Chasteberry is the fruit of the chaste tree, a small shrub-like tree native to Central Asia and the Mediterranean region. The name is thought to come from a belief that the plant promoted chastity—it is reported that monks in the Middle Ages used chasteberry to decrease sexual desire.
Common Names—chasteberry, chaste-tree berry, vitex, monk's pepper
Latin Name—Vitex agnus-castus
What Chasteberry Is Used For
Chasteberry has been used for thousands of years, mostly by women to ease menstrual problems and to stimulate the production of breast milk.
Chasteberry is still used for menstrual problems, such as premenstrual syndrome, as well as for symptoms of menopause, some types of infertility, and acne.
How Chasteberry Is Used
The dried ripe chasteberry is used to prepare liquid extracts or solid extracts that are put into capsules and tablets.
What the Science Says
A few studies of chasteberry for premenstrual syndrome have found a benefit. However, most of these studies were not well designed, so firm conclusions about chasteberry for premenstrual syndrome cannot be drawn.
Small studies suggest that chasteberry may help with breast pain and some types of infertility, but there is not enough reliable scientific evidence to determine whether chasteberry has any effect on these conditions.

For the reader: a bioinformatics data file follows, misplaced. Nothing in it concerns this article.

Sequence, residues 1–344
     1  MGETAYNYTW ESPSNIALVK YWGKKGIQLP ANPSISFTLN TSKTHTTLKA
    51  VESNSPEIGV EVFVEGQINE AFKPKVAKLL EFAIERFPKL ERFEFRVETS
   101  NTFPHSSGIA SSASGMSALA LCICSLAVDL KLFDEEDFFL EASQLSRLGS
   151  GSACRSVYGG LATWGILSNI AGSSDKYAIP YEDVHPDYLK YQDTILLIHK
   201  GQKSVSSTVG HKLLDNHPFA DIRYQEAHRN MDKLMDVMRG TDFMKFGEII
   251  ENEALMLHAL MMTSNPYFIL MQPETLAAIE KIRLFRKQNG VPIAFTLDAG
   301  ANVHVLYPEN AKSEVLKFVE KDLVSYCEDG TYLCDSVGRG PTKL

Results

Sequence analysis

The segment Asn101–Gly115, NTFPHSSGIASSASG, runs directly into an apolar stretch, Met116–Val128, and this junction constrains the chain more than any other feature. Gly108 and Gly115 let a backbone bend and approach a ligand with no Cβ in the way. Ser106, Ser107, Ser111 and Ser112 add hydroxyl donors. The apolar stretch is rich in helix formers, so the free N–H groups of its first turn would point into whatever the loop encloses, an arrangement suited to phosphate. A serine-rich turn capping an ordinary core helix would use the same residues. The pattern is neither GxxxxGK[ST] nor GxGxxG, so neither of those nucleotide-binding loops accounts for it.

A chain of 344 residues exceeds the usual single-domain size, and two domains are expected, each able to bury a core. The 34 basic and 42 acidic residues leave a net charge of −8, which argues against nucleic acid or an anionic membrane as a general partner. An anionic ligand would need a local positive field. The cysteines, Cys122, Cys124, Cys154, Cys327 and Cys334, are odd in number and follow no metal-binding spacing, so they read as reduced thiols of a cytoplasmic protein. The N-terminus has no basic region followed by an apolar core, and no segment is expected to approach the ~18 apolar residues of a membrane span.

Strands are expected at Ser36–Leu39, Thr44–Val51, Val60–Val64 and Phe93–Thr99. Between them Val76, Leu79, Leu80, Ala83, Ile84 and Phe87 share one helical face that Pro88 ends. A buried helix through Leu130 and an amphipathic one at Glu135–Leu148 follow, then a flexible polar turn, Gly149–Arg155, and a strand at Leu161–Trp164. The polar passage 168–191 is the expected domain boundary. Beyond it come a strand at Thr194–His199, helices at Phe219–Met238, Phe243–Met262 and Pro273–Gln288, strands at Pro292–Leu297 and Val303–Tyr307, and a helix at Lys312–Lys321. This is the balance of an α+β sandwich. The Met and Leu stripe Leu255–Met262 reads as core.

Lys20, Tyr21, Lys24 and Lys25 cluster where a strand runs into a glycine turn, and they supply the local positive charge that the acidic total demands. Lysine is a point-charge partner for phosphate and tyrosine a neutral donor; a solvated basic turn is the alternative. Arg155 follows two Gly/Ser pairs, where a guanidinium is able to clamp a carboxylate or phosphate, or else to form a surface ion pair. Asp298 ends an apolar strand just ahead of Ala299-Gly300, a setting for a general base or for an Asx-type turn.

NCCAM has funded studies on chasteberry. Projects have explored how chasteberry works in the body and how it might affect symptoms of premenstrual syndrome.
Side Effects and Cautions
Chasteberry has not been associated with serious side effects. However, it can cause gastrointestinal problems, acne-like rashes, and dizziness.
Chasteberry may affect certain hormone levels. Women who are pregnant, or taking birth control pills or who have a hormone-sensitive condition (such as breast cancer) should not use chasteberry.
Because chasteberry may affect the dopamine system in the brain, people taking dopamine-related medications, such as certain antipsychotic drugs and Parkinson’s disease medications, should avoid using chasteberry.